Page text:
Wednesday, July 08, 2009

Introducing Top US Universities & Colleges

Descartes Education Counselling Centre (DECC), a non-profit organisation will be organising a talk by former and current students from some of the top universities in the United States on getting into these schools.

The panelists will comprise alumni and students from Ivy League universities such as Harvard, Dartmouth, Yale and Cornell, as well as other top liberal arts colleges such as Swarthmore, Middlebury, Bates and Colby.

Therefore all students interested in top universities and colleges in the US for undergraduate study or those who are still figuring out what to do for their tertiary studies, come join us for the talk at:
Introducing Top US Universities & Colleges
Date : 25th July 2009 (Saturday)
Time : 11am-4pm
Venue : Auditorium, Sunway University College
Confirmed panelists include:
  • Nathaniel Tan, Harvard University ‘03
  • Yeoh Chen Chow, Cornell University ‘05
  • Hwa Yang Jerng, Bates College ‘03
  • Emily Chan, Colby College ‘11
  • Ng Eng Han, Dartmouth College ‘10
  • John Lee, Dartmouth College ‘11
  • Andrew Loh, Swarthmore College '10
  • Anand Pillai, Northwestern University '04
  • Joan Low, Middlebury College '12
  • Lim Su Ann, Columbia University '12
  • Philip Loh, Olin College '13
They will share their personal experiences with the US education system – a system that reputably produces very employable graduates and world leaders with great competency and capabilities. They will also provide interested students with valuable information about selecting the right university, obtaining financial assistance, completing application forms and other practical information on gaining places in these schools.

Students will also learn about the unusual perks and opportunities offered under the US education system (foreign study programmes, self-designed curriculums, freedom to explore personal academic interests, etc.), aspects of a vastly different culture, and student life. To top it off, we have an interactive session, where you can mingle around and talk with the students and alumni yourself personally.

All are welcome and attendance is free.

For more information, please contact Ms Teh Joo Shin @ jshin48 (at) gmail (DOT) com.


Anonymous said...

How come only expensive places? Singapore more affordable. Can you get NUS and NTU?

John Lee said...

They aren't expensive if you get financial aid, which is what many of us (Nat, Eng Han, myself, and a few others) did.

Anonymous said...

Can I do this "jump airplane" the moment I arrive at USA?

Can I spend $X amount of money coming to USA, studying and living there and then work there,earning back $Y amount of money where Y is greater than X before returning back to Malaysia?

I want to extract $USdollar$$ out of USA's economy.

Anonymous said...

Any chance of including Stanford on the list? Thanks

Anonymous said...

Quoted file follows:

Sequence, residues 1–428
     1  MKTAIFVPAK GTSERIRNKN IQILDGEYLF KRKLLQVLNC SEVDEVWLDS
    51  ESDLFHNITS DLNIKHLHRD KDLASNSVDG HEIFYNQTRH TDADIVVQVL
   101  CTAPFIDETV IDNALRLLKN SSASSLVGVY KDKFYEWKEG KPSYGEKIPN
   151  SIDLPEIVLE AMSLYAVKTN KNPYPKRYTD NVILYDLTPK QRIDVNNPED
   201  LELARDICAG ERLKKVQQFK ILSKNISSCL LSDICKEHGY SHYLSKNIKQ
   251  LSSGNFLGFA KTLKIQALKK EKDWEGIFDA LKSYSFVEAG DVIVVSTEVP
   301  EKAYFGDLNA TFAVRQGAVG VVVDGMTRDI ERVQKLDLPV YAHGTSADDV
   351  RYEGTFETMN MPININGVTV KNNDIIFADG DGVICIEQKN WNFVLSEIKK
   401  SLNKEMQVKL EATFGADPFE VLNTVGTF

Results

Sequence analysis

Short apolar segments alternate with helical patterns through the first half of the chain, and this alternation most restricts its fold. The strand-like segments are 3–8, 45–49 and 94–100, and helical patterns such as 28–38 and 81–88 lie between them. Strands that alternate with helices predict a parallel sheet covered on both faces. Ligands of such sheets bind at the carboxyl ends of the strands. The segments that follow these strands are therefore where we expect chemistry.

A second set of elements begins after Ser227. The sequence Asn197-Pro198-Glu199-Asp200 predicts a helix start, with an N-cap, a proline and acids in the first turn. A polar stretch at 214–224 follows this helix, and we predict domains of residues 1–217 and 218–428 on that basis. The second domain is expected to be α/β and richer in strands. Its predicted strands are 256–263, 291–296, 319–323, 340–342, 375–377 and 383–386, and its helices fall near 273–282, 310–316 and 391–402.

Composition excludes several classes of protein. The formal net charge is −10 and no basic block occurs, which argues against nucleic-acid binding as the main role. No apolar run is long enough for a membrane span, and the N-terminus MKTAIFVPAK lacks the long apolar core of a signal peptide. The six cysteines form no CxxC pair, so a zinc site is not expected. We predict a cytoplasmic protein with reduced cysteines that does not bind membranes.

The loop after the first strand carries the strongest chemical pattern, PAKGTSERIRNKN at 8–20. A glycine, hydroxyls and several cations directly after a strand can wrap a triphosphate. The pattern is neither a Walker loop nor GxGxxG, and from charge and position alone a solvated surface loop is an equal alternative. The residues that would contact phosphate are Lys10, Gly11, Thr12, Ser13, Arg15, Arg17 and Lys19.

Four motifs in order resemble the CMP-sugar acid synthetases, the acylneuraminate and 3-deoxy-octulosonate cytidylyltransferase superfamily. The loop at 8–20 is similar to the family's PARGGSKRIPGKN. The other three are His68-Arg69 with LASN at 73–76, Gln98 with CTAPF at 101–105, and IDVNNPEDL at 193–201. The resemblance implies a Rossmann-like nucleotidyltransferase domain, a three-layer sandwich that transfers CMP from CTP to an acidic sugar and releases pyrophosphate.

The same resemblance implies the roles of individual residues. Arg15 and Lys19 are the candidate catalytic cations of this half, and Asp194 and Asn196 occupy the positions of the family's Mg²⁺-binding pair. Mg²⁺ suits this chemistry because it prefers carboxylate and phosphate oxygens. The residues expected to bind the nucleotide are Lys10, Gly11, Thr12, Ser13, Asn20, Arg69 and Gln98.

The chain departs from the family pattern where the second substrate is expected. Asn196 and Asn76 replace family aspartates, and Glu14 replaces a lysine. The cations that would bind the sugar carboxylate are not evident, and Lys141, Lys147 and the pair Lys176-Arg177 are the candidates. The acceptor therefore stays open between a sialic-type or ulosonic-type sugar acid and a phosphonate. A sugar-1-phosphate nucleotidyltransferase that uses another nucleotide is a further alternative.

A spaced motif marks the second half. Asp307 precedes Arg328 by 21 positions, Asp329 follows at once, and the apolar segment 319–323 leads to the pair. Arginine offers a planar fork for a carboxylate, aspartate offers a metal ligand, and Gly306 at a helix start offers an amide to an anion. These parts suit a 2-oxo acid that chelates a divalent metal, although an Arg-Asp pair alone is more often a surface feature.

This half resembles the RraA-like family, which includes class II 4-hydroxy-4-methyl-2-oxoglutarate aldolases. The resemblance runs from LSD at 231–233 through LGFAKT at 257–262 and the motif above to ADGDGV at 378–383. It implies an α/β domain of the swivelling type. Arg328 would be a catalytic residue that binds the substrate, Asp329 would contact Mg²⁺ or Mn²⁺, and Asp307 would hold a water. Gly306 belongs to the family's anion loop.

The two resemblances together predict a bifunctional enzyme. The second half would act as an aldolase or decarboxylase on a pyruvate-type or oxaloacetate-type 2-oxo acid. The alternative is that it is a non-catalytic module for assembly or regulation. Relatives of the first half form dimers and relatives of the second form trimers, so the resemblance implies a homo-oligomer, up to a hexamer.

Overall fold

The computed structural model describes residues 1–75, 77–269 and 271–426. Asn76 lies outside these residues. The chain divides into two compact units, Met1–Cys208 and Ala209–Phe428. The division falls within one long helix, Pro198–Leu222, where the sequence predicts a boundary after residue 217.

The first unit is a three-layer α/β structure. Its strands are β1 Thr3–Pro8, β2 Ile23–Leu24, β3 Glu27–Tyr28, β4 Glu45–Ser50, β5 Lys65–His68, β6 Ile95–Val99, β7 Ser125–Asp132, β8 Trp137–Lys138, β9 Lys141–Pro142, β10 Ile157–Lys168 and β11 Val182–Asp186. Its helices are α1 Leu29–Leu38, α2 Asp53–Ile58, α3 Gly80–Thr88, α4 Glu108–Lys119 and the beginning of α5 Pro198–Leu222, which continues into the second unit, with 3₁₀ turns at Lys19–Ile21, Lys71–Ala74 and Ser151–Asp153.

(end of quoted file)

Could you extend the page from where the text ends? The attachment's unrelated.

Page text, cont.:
Can someone do a financial aid compare for US, UK, Singapore and Australia studies? Thank you!

Anonymous said...

John, RM vs USD is very different in costs than RM vs SGD.

John Lee said...

Financial aid is in USD, mind you. It's also quite common for financial aid to cover lodging, living expenses, books, etc. in addition to tuition.

abang said...

John is USA student? I am NTU student.

Singapore if you take tuition grant, it is a straight 60% free money off your tuition fees. The remaining 40% can be borrowed with no interest until you graduate. If you get the ASEAN scholarship, the 40% is also free.

Living expenses in Singapore not expensive also. NTU provides hostels in NTU and free bus travel around in NTU. I think NUS is the same. So travel expenses minimum.

Plus NTU and NUS degrees are recognise for work in USA. So I can pay SGD, earn USD and spend RM. Better combination than the spend USD option.

How does it work out in USA?

John Lee said...

It depends on the individual university and your family's income, but if you are a middle-class Malaysian, you will probably not have to pay any tuition fees at many of the Ivies (Harvard, Princeton, Dartmouth, and possibly a few more). Most of these universities will also cover at least some of your housing fees and living expenses. Most keep loans to a minimum, and they are almost always interest-free until you graduate. Some universities like Princeton do not even loan you money; if you can't afford it, then it's free.

And it isn't just the Ivies who provide financial aid; many liberal arts colleges like Bates, Mt Holyoke, Hamilton, Williams, Amherst, etc. have almost as generous financial aid policies. Research universities like Wesleyan and MIT also have very competitive financial aid packages.

Anonymous said...

John Lee, oh...John Lee... you should tell them all, all those ignorant Malaysians emerging from their coconut shells, that the moment you set foot onto USA's soil, that there are two camps in the world, one where one die of obesity and another one where one die of starvation.

Choose your pick....

We need all the young Malaysian-trained capitalist agents that we can get....

Grace said...

Hamilton college too, provides a pretty delicious financial aid package. John, how do u select the panelists? i am on a mission to increase the malaysian population in Hamilton because as of now, there's only been one alumni and one student (me)..the school's just not quite in Malaysia's radar yet..